I gave Bandit to my son Zeke after his grandmother died. The kitten was so black we nicknamed him Inkblot.
He fell asleep on a shelf in the cellar once, and I couldn’t pick him out from among the shadows until he yawned, revealing a tiny pink mouth. He was a gentle, loving soul, and we lost him to cancer when he was 11.
Hawkeye arrived 6 years later, following the death of our elderly tortie, Kilah. He was black, but his coat was dusted with silver flecks. He also had silver “specs” around his eyes — appearing, in a friend’s words, as though he’d been looking through a pair of joke binoculars. He became my office cat and still, at age 13, wanders in here to check on things.
Freya is the latest addition to our black cat squad. A foster kitten, she decided she was needed here. She’s affectionate, a little on the jealous side and very talkative.
October is International Black Cat Awareness Month. That, plus Halloween, makes it an excellent time to celebrate the black cats in our lives.
Changes in Fortune
Cats were originally associated with the moon and various goddesses. The Celtic goddess Ceridwen was attended by white cats who carried out her bidding on earth. Freya, or Freyja, the Norse goddess of love, rode in a chariot driven by white cats.
The rise of Christianity, however, signaled a move to stamp out all vestiges of the pagan religions. So the goddesses became witches or sorceresses, and their cats were turned coal-black — just in case the newly converted needed help figuring out that these formerly revered animals were evil. Horrible things were done to cats in the name of religion. Humans weren’t the only casualties of “the burning times.”
Between the 17th and 18th centuries, science took hold, and some enlightened soul figured out that cats kept down the rodent population and the bubonic plague.
But the black cat retained its mystique and even gained a reputation for being lucky in Australia, Finland, Japan, Scotland, Britain and the south of France.
Two extremely famous Englishmen, living centuries apart, shared this belief. King Charles I had a much-loved black cat he believed to be his good-luck token, and he insisted on it having a permanent guard. Then the cat died. “My luck is gone,” he mourned. He was arrested the next day and, after a travesty of a trial, executed.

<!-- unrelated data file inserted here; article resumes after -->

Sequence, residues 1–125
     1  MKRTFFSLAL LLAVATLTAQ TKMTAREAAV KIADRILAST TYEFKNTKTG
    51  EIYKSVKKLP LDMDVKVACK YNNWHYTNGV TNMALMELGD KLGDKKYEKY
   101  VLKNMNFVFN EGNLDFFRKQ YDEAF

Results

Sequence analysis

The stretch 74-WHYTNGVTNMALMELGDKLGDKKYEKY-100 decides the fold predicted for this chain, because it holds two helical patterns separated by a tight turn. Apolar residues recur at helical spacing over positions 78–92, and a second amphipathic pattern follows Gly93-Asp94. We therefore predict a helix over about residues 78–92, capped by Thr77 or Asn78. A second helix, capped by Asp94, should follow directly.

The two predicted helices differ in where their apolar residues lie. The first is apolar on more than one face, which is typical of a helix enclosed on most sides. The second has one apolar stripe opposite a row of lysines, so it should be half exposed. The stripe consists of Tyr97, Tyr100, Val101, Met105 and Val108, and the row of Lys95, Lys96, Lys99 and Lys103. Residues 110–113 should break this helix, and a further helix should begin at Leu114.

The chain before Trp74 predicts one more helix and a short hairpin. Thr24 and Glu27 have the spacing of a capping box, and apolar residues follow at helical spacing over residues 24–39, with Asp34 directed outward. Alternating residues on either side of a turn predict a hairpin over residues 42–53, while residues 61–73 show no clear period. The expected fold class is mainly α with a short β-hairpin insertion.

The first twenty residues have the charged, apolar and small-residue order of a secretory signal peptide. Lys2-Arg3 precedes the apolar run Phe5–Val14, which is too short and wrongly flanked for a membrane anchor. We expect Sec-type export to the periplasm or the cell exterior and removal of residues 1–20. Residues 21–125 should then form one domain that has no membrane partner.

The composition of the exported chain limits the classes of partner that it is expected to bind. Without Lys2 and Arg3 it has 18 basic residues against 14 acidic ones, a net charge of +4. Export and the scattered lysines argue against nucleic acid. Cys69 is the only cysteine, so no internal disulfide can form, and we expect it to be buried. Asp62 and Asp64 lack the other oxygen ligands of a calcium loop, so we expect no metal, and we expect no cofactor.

The other Englishman fared much better: Winston Churchill was a cat lover and “made a point of stroking any black cat he found,” according to writer Dusty Rainbolt. “He allegedly attributed his wartime success to this practice.”
But this luck continued to follow him. In 1953, Churchill, recovering from a stroke, had to give a critical speech at the Conservative Party Conference in Margate. That same day, a black kitten showed up at 10 Downing Street. The speech was an incredible success, and Churchill promptly adopted the stray, naming him Margate. “It has brought me luck,” he said simply.
Color and Personality
Black cats are generally viewed as mellow or laid-back. They also have the reputation for being more “empathic and intuitive,” according to the Animal Foundation in Las Vegas.
Messy Beast blogger Sarah Hartwell posits that the black coloring, caused by a recessive gene, may be “linked to a less assertive temperament, more placid character and better tolerance of crowding than striped tabby or agouti (ticked). If true, this factor would have contributed to a more sociable cat both with humans and with other cats in a colony situation.”
This may factor into breeding as well. A stressed mom-cat doesn’t breed as frequently, whereas one who’s “less stressed will pass its genes on more often. Soon, there will be more of the cats showing a coat color linked to sociability and less of the coat color linked to unsociability.”
This cute black cat just discovered the joys of pumpkin carving:
Black Cats Today
Although black cats are still tricky to adopt out for a variety of reasons, they have a very loyal following.
For years, artist, writer and photographer Bernadette Kazmarski has been chronicling the adventures of her black cats in her award-winning blog, The Creative Cat. Mimi and her children, the Fantastic Four, figure in much of Kazmarski’s work — including her Halloween cards — and have done their part to raise black cat awareness.
Recently, I came across an old spell for welcoming a black cat who comes into your home of its own accord. It’s lovely but probably not necessary. Black cats are, like Churchill’s Margate, good at showing up — and staying — where they’re needed.